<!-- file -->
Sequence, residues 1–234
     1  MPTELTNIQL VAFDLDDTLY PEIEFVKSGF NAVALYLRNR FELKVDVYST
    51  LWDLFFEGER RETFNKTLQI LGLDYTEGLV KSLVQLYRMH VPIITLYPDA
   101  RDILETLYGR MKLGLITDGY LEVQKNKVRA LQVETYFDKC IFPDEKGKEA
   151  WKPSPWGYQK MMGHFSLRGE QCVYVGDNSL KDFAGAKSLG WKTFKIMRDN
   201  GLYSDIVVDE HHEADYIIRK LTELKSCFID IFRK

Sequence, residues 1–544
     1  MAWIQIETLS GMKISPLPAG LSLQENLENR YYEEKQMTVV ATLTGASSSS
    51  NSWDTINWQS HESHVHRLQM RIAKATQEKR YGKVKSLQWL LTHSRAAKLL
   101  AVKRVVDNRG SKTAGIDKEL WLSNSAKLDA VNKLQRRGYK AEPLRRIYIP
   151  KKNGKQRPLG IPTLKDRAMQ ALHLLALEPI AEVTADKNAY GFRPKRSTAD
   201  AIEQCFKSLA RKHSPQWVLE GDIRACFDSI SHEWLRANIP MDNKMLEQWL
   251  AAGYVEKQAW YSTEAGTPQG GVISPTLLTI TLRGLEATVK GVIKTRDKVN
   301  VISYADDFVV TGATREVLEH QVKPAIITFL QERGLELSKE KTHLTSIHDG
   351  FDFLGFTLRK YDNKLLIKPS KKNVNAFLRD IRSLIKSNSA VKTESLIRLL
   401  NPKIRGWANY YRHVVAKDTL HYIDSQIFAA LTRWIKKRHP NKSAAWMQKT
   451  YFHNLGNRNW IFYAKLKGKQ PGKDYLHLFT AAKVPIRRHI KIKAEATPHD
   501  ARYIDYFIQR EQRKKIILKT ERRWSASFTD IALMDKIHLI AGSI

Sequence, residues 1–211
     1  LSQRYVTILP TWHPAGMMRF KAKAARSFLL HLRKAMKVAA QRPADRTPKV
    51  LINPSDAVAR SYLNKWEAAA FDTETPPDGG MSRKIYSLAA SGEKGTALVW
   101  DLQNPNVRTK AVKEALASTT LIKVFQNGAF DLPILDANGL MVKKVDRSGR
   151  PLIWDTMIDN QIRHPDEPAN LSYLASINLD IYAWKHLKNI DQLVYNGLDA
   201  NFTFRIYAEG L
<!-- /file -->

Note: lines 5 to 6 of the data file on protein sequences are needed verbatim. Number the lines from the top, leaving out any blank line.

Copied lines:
   151  WKPSPWGYQK MMGHFSLRGE QCVYVGDNSL KDFAGAKSLG WKTFKIMRDN
   201  GLYSDIVVDE HHEADYIIRK LTELKSCFID IFRK